Bribery is bribery, and there’s no excusing it in our public officials. But in the "punishment fits the crime" department, there’s something wrong with the proposed sentence of Dollar Bill Jefferson when you compare it that handed down to Randy "Duke" Cunningham.

From Duke’s wiki:

Cunningham resigned from the House on November 28, 2005, after pleading guilty to accepting at least $2.4 million in bribes and underreporting his income for 2004. He pleaded guilty to federal charges of conspiracy to commit bribery, mail fraud, wire fraud and tax evasion. On March 3, 2006, he received a sentence of eight years and four months in prison and an order to pay $1.8 million in restitution.

That’s 100 months of prison time for $2,400,000 in bribes (and $1.8m to be restituted, but let’s set that aside for a moment) or one month for every $24,000 in bribes.

Now get a load of how long federal prosecutors want to put away Dollar Bill Jefferson:

Federal prosecutors are seeking the harshest prison sentence ever handed out to a member of Congress for former Rep. William Jefferson (D-La.), arguing that his “stunning betrayal of public trust” warrants what could be a life sentence for the long-time lawmaker.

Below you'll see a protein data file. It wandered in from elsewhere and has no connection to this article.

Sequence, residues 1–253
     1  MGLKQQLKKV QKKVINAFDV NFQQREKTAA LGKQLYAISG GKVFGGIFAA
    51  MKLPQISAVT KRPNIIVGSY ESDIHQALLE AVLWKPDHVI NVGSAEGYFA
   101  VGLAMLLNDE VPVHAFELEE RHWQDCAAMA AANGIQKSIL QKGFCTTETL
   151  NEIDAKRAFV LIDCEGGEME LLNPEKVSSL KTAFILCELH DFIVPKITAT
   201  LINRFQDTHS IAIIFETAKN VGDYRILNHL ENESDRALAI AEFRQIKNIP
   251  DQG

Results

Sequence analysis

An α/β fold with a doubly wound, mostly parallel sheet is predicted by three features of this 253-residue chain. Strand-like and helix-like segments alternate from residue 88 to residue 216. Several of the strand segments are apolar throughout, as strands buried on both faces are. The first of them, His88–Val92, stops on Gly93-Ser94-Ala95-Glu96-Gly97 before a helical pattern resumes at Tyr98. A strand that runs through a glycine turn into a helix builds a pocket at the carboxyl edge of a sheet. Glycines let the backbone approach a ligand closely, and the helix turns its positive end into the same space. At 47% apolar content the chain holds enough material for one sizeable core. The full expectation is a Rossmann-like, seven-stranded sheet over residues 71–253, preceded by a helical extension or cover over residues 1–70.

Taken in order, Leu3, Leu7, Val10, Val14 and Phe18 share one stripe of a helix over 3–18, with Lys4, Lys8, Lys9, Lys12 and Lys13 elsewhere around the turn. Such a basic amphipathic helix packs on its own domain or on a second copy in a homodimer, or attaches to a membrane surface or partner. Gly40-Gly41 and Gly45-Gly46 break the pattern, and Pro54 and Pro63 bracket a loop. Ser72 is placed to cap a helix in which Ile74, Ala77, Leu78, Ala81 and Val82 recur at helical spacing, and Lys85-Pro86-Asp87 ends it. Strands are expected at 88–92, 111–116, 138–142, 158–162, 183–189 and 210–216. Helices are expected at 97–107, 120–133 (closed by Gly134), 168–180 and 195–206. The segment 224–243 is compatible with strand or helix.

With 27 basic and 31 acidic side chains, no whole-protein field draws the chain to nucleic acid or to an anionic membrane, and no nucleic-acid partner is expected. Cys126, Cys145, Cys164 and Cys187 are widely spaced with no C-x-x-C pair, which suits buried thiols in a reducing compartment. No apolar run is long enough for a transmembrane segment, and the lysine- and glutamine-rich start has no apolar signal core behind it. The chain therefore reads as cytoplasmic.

The Justice Department is asking a federal judge in Alexandria, Va, to lock up Jefferson, 62, for up to 33 years, according to documents filed by prosecutors on Friday.

Surely Dollar Bill’s bribes must be in the tens of millions of dollars, too, right? Wrong:

According to DOJ estimate, these bribery schemes – which involved companies in west Africa – could have netted Jefferson and his family “hundreds of millions of dollars.”

Jefferson got $478,000 in bribe money, including $367,500 from Kentucky businessman Vernon Jackson. Jackson himself received a 87-month sentence, or more than seven years.

So Dollar Bill will get 396 months, if his prosecutors get their way, for $478,000 in bribes — oh, sure there’s lots more he "could have netted" but I bet there was lots more Duke "could have netted" as well.

That’s one month for every $1,207 in bribes.

(Not to mention the $90,000 recovered directly from Dollar Bill’s freezer that hardly needs restituting: it’s in the feds’ hands and has been since seizure.)

Of course, Duke’s a Republican, and Dollar Bill is a Democrat. Everyone knows that Democrats should be punished more severely than Republicans, especially when they are getting bribes from companies wanting to do business with African countries instead of defense contractors protecting American troops. IOKIYAR isn’t just for the law-abiding.

There’s another difference, too, of course. Why does a twenty-fold discrepency seem so familiar? Is bribe-taking by African-American Congressmen the new crack cocaine? Have sentencing disparities by race reached this far into our federal prosecutorial workforce?

Will no one call out this obvious racism?